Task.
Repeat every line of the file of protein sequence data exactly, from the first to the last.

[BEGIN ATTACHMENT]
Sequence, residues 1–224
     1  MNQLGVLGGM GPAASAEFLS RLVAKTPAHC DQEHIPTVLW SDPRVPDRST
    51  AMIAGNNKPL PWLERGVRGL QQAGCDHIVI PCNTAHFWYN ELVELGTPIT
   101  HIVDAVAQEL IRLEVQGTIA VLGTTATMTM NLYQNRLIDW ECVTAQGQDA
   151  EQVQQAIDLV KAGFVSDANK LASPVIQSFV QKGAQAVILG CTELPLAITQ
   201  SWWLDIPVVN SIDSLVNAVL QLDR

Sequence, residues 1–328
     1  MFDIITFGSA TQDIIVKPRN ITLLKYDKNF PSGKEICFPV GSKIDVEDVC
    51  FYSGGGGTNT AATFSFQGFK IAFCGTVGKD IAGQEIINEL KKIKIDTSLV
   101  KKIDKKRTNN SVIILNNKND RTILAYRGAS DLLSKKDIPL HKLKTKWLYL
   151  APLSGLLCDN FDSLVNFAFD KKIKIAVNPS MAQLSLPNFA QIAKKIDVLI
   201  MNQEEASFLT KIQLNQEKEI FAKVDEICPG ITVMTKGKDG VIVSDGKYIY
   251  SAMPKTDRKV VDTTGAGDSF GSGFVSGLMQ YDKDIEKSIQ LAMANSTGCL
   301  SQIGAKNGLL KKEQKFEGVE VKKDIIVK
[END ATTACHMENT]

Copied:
Sequence, residues 1–224
     1  MNQLGVLGGM GPAASAEFLS RLVAKTPAHC DQEHIPTVLW SDPRVPDRST
    51  AMIAGNNKPL PWLERGVRGL QQAGCDHIVI PCNTAHFWYN ELVELGTPIT
   101  HIVDAVAQEL IRLEVQGTIA VLGTTATMTM NLYQNRLIDW ECVTAQGQDA
   151  EQVQQAIDLV KAGFVSDANK LASPVIQSFV QKGAQAVILG CTELPLAITQ
   201  SWWLDIPVVN SIDSLVNAVL QLDR

Sequence, residues 1–328
     1  MFDIITFGSA TQDIIVKPRN ITLLKYDKNF PSGKEICFPV GSKIDVEDVC
    51  FYSGGGGTNT AATFSFQGFK IAFCGTVGKD IAGQEIINEL KKIKIDTSLV
   101  KKIDKKRTNN SVIILNNKND RTILAYRGAS DLLSKKDIPL HKLKTKWLYL
   151  APLSGLLCDN FDSLVNFAFD KKIKIAVNPS MAQLSLPNFA QIAKKIDVLI
   201  MNQEEASFLT KIQLNQEKEI FAKVDEICPG ITVMTKGKDG VIVSDGKYIY
   251  SAMPKTDRKV VDTTGAGDSF GSGFVSGLMQ YDKDIEKSIQ LAMANSTGCL
   301  SQIGAKNGLL KKEQKFEGVE VKKDIIVK